Dichotomy of perception over theaterisation : The Tribune India

Dichotomy of perception over theaterisation

The morale aspect of close air support can be best gauged by an example of the Gulf War. A marine captain, Robert Alexander, was blown off his jeep by an Iraqi shell. He asked for quick close air support to retrieve him. Marine Harrier Jets were immediately deployed. They destroyed the enemy mortar platoon and saved him. ‘It was the most beautiful sight I have ever seen when those four bombs were racing through the air,’ he said.

Dichotomy of perception over theaterisation

Turf wars: The desire to take credit for the success of joint operations is universal. PTI



Lt Gen Gurbaksh S Sihota (retd)

Ex-DGMO and former Southern Army Commander

A few days ago, there was a flurry of writings in newspapers criticising the Chief of Defence Staff (CDS) for making a statement about the role of the Indian Air Force in relation to its close support function to the forward troops engaged in active battle with the enemy.

It was disheartening to note some columnists casting aspersions on the intellect of the CDS. I do not think they have given credit to the ribbons on his chest which have been earned by being through operations beyond the comprehension of most people. Aren’t they also indirectly questioning the authorities who placed him in this position and have tasked him with an important mandate which will change the functioning of the Indian defence forces for the future?

Turf wars are a universal phenomenon. They are not peculiar to our country or our defence forces. The Americans have been through this phase. One of the defence secretaries, who chaired the commission on roles and missions, had said, “I have decided that Machiavelli got it about right when he wrote, ‘there is nothing more difficult to carry out or more doubtful of success, nor dangerous to handle, than to initiate a new order of things. For, the reformer has enemies — and only lukewarm defenders.’”

We have observed turf wars between various branches of the civil services, within the paramilitary forces and defence forces, as also going down further within the various branches of the Indian Army and the Indian Air Force.

There is always the desire to take credit for the success of joint operations. This has been so evident when a large number of paramilitary forces as well as the police started conducting counter-insurgency operations in the Valley.

The appointment of the CDS had to wait for a very long time as each of the services feared losing their supremacy. It is well known that many former chiefs had opposed it and let it be known to the then prime ministers.

The proposal to increase the number of senior commanders with a ratio of 3:1:1 between the Army, Navy and the Air Force, based on their strength, came under serious objection. In the interest of the country and to retain harmonious relations between the defence forces, the then Army Chief decided to accept the ratio of 1:1:1, despite his own senior officers’ “strong displeasure.” It is on record that the then Defence Minister commended the graciousness and magnanimity of the Army Chief.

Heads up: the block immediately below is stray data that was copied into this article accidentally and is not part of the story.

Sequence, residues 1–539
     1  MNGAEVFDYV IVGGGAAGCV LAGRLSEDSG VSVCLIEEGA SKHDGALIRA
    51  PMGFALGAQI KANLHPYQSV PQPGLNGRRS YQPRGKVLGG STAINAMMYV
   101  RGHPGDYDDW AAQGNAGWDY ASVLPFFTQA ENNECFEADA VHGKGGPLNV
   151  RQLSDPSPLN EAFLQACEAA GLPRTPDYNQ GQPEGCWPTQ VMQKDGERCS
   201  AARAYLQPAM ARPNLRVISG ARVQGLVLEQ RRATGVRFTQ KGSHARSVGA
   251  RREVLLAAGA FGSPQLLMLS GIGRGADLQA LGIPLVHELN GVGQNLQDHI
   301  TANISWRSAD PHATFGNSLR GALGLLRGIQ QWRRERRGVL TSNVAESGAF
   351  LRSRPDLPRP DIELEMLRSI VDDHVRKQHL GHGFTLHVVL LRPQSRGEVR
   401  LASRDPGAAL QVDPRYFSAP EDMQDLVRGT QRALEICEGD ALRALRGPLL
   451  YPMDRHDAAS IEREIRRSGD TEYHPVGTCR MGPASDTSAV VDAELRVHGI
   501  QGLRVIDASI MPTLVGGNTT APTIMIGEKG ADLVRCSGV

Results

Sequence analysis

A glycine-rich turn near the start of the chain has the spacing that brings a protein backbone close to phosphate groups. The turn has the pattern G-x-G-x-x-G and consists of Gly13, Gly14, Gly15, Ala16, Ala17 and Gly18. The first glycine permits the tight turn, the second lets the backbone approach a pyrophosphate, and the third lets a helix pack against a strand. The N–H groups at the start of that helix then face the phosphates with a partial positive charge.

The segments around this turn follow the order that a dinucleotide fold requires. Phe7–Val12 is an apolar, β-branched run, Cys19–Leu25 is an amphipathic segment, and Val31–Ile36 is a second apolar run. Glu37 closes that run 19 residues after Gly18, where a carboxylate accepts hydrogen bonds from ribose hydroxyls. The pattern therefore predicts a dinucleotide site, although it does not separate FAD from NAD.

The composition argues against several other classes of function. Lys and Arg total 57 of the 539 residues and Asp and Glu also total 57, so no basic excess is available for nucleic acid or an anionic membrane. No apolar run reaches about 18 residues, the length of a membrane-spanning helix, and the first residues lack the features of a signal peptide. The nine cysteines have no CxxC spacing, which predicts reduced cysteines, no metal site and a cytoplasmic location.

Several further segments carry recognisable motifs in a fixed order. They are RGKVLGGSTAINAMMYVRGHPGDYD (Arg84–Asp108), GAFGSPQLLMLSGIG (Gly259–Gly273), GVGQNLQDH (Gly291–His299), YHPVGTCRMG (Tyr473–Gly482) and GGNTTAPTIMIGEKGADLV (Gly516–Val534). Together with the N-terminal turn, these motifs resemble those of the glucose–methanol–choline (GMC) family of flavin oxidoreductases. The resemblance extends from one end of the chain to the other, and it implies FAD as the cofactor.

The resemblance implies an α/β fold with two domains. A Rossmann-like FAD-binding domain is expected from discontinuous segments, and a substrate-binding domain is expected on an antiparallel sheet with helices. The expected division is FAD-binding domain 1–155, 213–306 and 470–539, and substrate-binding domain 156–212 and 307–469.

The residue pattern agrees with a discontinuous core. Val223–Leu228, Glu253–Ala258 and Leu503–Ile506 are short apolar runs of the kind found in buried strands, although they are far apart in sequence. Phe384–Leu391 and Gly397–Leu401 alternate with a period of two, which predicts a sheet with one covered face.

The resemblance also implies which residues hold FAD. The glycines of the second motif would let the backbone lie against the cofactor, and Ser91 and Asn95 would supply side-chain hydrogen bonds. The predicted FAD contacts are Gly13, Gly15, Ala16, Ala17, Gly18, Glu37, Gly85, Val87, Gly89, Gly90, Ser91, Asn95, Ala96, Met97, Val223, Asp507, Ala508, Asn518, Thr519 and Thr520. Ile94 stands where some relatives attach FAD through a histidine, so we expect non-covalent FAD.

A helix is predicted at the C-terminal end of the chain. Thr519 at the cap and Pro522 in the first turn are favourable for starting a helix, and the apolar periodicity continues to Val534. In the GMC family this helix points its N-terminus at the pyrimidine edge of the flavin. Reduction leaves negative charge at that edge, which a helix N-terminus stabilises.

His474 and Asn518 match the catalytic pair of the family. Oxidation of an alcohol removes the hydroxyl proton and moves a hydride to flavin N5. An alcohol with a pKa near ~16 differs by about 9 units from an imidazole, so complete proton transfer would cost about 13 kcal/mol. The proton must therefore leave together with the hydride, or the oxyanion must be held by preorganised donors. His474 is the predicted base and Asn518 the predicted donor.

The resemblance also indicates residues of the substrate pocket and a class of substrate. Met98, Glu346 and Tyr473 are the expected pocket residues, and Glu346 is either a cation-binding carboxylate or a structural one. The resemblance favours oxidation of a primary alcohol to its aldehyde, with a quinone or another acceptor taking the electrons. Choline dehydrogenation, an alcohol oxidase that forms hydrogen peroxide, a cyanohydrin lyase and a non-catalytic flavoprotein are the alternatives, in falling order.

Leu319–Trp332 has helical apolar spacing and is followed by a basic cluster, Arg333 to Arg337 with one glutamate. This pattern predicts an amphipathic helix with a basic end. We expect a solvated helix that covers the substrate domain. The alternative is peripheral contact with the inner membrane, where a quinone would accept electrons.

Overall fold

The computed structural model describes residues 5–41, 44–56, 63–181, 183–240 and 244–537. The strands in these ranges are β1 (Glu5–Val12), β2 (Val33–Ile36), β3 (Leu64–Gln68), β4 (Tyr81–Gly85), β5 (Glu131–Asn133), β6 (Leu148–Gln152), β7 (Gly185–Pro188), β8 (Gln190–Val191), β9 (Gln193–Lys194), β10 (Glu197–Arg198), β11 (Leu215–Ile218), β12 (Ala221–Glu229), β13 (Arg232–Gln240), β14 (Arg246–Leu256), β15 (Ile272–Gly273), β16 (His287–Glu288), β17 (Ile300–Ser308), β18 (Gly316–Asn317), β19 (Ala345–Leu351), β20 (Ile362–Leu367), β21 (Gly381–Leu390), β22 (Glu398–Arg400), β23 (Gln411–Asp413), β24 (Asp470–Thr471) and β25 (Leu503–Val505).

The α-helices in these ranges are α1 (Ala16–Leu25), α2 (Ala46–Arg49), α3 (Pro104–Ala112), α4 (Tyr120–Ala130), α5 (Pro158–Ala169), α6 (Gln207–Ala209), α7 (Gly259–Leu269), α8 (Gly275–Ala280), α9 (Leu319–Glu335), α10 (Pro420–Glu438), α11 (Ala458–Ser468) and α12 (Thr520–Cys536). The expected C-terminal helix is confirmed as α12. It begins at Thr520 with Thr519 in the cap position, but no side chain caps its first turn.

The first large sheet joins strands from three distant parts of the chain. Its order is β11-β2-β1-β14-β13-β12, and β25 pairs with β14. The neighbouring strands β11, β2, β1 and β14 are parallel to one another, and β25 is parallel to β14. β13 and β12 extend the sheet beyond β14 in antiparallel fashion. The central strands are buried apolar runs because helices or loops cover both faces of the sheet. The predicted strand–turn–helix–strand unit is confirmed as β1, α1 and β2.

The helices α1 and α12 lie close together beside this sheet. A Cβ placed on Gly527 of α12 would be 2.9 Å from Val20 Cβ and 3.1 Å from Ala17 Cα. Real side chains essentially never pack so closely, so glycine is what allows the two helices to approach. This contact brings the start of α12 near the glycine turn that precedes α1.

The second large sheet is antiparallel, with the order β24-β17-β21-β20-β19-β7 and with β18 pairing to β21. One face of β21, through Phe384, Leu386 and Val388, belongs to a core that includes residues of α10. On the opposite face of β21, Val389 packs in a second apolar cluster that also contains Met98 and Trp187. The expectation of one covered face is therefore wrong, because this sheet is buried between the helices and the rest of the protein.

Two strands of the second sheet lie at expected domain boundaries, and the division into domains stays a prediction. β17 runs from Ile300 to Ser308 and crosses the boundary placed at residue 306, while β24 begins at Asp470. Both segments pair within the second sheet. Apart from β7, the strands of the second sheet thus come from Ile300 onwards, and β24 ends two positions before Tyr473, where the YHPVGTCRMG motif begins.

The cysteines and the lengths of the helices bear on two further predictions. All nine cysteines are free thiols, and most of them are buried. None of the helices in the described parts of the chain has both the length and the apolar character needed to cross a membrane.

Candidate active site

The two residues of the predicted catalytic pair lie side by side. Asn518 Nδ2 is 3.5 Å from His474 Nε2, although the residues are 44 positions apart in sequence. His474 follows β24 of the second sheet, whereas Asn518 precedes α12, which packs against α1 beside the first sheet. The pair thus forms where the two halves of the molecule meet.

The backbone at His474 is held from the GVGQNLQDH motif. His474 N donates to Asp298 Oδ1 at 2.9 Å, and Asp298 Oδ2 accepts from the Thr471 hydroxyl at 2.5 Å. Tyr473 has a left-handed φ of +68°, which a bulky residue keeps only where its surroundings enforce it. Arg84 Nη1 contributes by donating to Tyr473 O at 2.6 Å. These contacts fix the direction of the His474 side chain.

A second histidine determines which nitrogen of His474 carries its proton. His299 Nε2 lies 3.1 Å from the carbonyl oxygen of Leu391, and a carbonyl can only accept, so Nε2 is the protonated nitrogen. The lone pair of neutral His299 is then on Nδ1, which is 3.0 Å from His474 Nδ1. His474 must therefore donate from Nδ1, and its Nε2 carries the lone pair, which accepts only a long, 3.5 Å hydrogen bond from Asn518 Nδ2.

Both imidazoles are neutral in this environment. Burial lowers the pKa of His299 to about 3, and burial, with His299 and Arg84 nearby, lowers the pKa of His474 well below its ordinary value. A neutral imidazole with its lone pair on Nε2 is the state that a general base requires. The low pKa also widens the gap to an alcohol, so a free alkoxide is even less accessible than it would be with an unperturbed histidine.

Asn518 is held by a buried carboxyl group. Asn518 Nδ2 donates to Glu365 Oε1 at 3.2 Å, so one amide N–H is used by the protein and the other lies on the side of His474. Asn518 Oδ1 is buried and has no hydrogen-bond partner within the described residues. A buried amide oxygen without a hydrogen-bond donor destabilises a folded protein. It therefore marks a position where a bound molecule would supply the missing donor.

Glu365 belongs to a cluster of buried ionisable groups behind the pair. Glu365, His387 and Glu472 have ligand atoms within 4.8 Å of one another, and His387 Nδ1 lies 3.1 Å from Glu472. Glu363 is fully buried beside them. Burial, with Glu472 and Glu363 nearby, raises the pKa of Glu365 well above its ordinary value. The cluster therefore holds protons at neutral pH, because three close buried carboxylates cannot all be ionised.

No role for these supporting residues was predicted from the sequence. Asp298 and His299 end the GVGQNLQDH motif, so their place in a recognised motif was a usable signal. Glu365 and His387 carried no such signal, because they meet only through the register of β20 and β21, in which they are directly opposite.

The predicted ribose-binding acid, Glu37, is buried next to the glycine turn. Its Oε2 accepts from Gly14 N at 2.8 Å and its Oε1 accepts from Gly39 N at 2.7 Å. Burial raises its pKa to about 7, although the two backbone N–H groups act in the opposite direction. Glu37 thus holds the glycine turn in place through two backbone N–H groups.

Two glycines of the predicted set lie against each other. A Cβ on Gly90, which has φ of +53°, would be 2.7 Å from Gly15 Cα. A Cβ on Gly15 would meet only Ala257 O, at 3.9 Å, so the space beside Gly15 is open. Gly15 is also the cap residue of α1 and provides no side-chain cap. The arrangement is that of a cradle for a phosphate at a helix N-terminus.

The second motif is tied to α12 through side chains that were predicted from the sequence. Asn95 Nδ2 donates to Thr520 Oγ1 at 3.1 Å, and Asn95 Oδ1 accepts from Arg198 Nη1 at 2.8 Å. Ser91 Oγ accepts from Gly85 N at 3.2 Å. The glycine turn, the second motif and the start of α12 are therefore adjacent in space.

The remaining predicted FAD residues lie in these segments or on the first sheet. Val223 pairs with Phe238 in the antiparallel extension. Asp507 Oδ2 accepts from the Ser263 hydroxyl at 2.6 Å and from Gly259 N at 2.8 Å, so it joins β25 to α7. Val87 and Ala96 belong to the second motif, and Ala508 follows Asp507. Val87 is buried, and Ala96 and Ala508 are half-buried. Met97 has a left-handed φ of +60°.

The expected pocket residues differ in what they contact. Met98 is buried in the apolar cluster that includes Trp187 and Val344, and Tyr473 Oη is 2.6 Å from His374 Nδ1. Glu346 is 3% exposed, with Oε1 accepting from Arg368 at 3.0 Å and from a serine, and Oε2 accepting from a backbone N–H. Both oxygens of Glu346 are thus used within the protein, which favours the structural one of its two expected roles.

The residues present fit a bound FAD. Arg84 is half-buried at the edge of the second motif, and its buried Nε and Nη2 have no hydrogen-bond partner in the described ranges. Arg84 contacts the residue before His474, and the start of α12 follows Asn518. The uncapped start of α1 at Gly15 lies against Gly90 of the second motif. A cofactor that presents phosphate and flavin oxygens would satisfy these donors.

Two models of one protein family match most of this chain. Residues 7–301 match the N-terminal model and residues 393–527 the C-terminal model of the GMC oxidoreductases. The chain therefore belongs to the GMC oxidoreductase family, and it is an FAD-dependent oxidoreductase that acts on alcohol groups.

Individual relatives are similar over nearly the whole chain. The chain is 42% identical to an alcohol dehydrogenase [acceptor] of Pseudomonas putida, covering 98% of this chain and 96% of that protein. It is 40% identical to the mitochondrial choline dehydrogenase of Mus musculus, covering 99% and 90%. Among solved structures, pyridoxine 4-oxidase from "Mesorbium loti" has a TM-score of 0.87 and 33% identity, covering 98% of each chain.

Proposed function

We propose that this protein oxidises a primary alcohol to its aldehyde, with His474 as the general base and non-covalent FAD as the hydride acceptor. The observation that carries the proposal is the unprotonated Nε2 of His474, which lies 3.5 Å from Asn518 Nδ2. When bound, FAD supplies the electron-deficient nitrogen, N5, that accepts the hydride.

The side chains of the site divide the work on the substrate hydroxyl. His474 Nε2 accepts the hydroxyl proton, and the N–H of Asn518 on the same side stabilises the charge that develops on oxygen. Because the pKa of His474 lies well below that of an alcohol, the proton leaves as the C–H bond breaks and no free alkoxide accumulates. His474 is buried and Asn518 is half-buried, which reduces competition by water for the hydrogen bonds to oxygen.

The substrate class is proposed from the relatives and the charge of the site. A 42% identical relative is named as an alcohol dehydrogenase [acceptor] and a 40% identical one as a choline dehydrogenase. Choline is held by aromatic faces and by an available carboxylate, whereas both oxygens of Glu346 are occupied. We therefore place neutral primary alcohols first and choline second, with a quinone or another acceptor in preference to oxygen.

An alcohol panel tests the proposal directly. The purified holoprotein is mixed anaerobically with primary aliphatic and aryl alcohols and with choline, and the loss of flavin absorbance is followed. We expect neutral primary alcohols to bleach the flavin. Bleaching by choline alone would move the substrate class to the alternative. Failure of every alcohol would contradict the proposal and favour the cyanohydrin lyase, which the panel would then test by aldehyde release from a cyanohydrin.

As the structure of the Indian defence forces is being re-imagined as theatres, their composition will be influenced by the threat perception, type of terrain for operations and budgetary constraints.

When it comes to the employment of air power and distribution of its resources, the recommendations of the Indian Air Force will matter the most. There is no doubt that they are the best judge for its employment.

However, concentration versus distribution is going to be impacted by the shortage of resources. There are enough experienced commanders who will find the right balance and resolve the issue.

In the past, counter air operations have always taken precedence over the availability of air effort for close support to the troops. The introduction of multi-role aircraft has further compounded the problem.

Young officers who have been affected on the ground have always raised this issue with their senior commanders. This has had an adverse effect on their morale and needs to be addressed.

As the Army Commander, before a pending operation, I had to invite my Air Force counterpart so that we could jointly convince the junior commanders about the primary role of the Air Force and assure them that whenever it became vital, close support to them would not be denied.

With the induction of attack helicopters, this problem will get mitigated to a great extent if all the machines are merged into the Army Aviation Corps.

The morale aspect of the close air support can be best gauged by an example of the Persian Gulf War. A marine captain by the name of Robert Alexander was blown off his jeep by an Iraqi shell. He asked for quick close air support to retrieve him. Marine Harrier Jets were immediately deployed. They destroyed the enemy mortar platoon and saved him. “It was the most beautiful sight I have ever seen when those four bombs were racing through the air,” he said.

It is in this context probably that the CDS talked about the necessity to provide close air support, besides keeping the skies clear of the enemy aircraft.

Some have also claimed that just like the air power of the developed nations, our Air Force too would be able to create a situation when ground troops will be able to achieve objectives without fighting. If this had been possible, not much blood would have been shed for the capture of Tololing and Tiger Hill.

Soldiers are often misunderstood as they have not had lessons in diplomacy. We need to see the CDS’s statement in that light and move on.

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